The foreskin has five layers, the inner most layer is the mucousal layer (like you have inside the cheeks of your mouth and the inner layer of the labia in females). The glans of the penis has this same mucousal layer. This inner most layer of the foreskin is rich with nerve endings and Langerhan’s cells (which are immune cells that fight infection).

The layer next to the mucosal layer is the lamina propria, which is highly vascularized and responsible for blood supply to the foreskin.

The middle layer of the foreskin is the Dartos muscle. The Dartos muscle is a muscular layer that is continuous from the scrotum, down the shaft of the penis, into the forsekin, to the opening at the tip of the foreskin. The Dartos muscle allows for constriction and expansion to control for temperature changes. It allows for a tightly “puckered” foreskin opening in newborns, in order to keep out contaminants, such as urine and feces in the diaper. This puckered opening becomes looser as foreskin retraction occurs over several years.

The layer just below the skin surface is dermis, which contains larger nerve branches, connective tissue, and blood vessels. It is a highly elastic layer and allows for ease of mobility and ensures that the foreskin returns to its resting position after erection or retraction. The dermis also contains the Meissener Corpuscles, which are very sensitive nerve endings. Humans also have Meissner Corpuscles on the palm of their hands.

The outer most layer of the foreskin is the the same type of skin that is continuous with the shaft of the penis.

The frenum, or frenulum, anchors the foreskin to the ridge on the underside of the glans edge. From the frenulum, there is a band of tissue called the rigded band. This is often the most highly sensitive area for men (Cold & Taylor, 1999).

The ridged band & frenulum and the tip of the foreskin are the most sensitive areas of the penis. The remainder of the foreskin is especially sensitive, as compared to the glans. The most sensitive part of the circumcised penis is the circumcision scar (Sorrells et al., 2007). 

The foreskin allows the glans to remain a sensitive and moist surface. In the absence of the foreskin to protect the mucousal glans, the glans becomes thickened (or keratinized) and less sensitive (Cold & Taylor, 1999; Sorrells et al., 2007).  It also acts as a mobile sheath during intercourse. Men with natural penises contribute lubrication during intercourse and the foreskin envelops the ridge of the glans on the outwards motion. Without this enveloping, the circumcised penis withdrawals vaginal secretions with each exit contributing to abrasive intercourse and the need for artificial lubrication. Some studies have found that circumcised men and their female partners were more likely to experience sexual discomfort or difficulties as compared to men with a natural penis and their female partners (Frisch, Lindholm, & Gronbaek, 2011). The AAP (2012) does not support the claim that circumcision adversely affects sexual function or sensation.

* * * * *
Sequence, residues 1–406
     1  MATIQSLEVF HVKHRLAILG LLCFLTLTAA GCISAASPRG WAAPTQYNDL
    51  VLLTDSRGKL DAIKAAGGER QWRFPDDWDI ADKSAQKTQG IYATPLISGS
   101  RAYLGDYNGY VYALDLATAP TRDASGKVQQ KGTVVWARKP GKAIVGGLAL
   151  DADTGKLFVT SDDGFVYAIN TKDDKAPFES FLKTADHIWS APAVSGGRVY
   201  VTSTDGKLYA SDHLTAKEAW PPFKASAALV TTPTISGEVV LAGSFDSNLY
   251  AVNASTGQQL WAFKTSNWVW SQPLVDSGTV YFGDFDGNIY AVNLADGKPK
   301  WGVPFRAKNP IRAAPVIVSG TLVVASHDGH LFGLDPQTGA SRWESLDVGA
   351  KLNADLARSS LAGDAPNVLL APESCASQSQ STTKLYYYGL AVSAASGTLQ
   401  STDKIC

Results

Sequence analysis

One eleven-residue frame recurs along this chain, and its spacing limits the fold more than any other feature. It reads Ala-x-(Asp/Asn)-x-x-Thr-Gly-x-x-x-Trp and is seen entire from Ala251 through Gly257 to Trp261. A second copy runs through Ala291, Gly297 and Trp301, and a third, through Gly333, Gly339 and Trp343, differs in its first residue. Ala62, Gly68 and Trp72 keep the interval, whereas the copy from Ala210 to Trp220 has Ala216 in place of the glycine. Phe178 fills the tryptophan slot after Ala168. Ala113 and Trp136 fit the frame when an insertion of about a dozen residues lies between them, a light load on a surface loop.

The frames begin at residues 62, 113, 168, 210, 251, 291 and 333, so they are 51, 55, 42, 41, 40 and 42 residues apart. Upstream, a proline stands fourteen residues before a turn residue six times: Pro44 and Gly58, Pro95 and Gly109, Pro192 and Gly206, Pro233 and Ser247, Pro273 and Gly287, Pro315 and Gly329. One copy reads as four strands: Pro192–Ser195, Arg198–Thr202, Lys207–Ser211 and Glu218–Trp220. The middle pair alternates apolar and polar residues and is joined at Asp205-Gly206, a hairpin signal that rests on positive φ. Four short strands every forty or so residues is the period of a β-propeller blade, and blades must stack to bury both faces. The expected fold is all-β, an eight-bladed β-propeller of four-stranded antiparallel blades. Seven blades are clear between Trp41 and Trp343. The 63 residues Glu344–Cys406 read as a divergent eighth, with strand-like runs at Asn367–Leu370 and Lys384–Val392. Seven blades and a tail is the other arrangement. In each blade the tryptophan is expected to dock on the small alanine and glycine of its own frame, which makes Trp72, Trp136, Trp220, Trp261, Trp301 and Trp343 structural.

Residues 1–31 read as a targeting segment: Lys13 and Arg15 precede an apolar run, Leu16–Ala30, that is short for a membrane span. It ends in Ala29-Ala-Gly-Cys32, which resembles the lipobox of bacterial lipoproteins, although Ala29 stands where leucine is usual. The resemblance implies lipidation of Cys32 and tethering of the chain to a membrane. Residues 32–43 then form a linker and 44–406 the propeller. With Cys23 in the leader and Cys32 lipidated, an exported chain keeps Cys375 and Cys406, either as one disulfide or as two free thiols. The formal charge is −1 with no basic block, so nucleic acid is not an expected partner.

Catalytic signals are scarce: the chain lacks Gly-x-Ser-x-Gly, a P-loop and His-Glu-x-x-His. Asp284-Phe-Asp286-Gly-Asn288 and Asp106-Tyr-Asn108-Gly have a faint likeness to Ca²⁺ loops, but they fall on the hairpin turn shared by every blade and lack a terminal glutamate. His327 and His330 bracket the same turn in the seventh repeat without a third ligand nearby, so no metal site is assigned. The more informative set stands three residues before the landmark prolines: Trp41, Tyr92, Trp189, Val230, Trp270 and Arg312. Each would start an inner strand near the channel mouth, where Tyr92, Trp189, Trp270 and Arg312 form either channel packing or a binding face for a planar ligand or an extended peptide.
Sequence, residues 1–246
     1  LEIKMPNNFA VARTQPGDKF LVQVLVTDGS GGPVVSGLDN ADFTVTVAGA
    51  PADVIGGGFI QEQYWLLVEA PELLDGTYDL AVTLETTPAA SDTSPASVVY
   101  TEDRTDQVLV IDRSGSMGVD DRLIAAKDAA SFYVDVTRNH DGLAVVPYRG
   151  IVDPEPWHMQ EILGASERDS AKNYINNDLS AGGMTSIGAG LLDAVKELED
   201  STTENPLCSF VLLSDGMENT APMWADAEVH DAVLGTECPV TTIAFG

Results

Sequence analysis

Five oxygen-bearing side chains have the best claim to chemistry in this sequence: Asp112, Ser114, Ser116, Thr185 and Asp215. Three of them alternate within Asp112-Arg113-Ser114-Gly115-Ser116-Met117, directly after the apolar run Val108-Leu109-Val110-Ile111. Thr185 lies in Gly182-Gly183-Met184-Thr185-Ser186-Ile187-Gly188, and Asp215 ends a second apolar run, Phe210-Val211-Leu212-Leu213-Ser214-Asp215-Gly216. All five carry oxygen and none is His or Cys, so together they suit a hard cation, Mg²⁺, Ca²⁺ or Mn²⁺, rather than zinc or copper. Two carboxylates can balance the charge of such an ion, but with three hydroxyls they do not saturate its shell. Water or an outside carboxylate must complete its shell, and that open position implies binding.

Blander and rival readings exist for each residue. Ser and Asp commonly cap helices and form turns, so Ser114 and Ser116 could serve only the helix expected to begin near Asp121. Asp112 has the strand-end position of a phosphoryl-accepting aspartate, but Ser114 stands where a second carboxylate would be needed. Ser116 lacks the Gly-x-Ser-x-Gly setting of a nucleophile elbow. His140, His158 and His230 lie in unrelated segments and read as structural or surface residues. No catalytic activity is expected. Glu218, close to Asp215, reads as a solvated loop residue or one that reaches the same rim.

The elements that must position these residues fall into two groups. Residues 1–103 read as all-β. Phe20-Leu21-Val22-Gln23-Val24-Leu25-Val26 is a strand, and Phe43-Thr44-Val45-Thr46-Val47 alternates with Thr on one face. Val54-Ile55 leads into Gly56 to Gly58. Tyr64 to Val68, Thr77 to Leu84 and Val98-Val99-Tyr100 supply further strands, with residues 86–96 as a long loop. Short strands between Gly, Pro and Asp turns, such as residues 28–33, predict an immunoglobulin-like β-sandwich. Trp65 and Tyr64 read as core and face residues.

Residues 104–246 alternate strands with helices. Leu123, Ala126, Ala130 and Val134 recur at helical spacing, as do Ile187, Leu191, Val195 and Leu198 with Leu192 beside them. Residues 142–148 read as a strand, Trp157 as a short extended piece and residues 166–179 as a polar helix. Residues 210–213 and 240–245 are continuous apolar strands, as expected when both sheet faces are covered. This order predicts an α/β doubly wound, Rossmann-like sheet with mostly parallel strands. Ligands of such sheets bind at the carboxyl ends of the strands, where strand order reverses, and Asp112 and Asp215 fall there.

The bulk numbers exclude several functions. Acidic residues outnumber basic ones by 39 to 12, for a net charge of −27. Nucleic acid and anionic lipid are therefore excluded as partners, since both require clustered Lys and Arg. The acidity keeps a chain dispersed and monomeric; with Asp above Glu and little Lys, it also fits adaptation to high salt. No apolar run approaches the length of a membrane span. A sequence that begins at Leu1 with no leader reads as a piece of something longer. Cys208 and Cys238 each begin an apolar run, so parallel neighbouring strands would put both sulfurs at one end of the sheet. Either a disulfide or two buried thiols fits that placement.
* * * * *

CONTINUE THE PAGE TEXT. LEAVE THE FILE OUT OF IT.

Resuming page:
Circumcision Procedure

            Circumcisions in the U.S. are performed using 3 types of devices: Gomco, Plastibell, and Mogan Clamp. The type of device used will depend on what the surgeon prefers, and how he or she was trained. Regardless of which device is used, all circumcisions are performed in a similar fashion.

Most circumcisions performed by medical providers involve the use of a restraint board to secure the baby during the procedure. The baby’s legs are secured with velcro straps and a sterile drape is placed over the baby, with a small hole where the baby’s penis is exposed. There is usually an assistant, such as a nurse, who offers the baby a pacifier dipped in sugar water as an additional comfort measure. If the surgeon is using anesthesia, he or she will inject medication at the base of the baby’s penis to offer some pain relief. You may notice swelling or bruising where the injection was given. This is an expected side effect of an injection in the penis.

The surgeon then introduces a blunt instrument underneath the foreskin to break apart the connection between the foreskin and the glans. This is the most painful part of the procedure for the baby (Howard et al., 1994) because the innervation of these nerves are not supplied by the same nerves as are blocked by the medication injection (Cold & Taylor, 1999). Once the foreskin is separated from the glans, the surgeon makes a crimp in the foreskin in order to minimize bleeding and to judge how much foreskin to remove. A cut is made along the crimp (if using Gomco or Plastibell) and the clamp is placed.

If a Gomco is being used, a metal bell is placed over the glans to protect it from being cut. The clamp is tightened around the foreskin. The foreskin is cut by the surgeon, and the clamp is removed. The nurse or the surgeon will place a gauze bandage over the wound.

If a Plastibell is being used, a plastic ring is placed around the glans, a string is tied tightly around the foreskin against the plastic ring. The remaining foreskin is cut away. The string cuts off the blood supply to the small amount of foreskin that remains, and the remaining tissue and plastic ring will fall off in a few days. A gauze and Vaseline dressing is typically not required when using a Plastibell.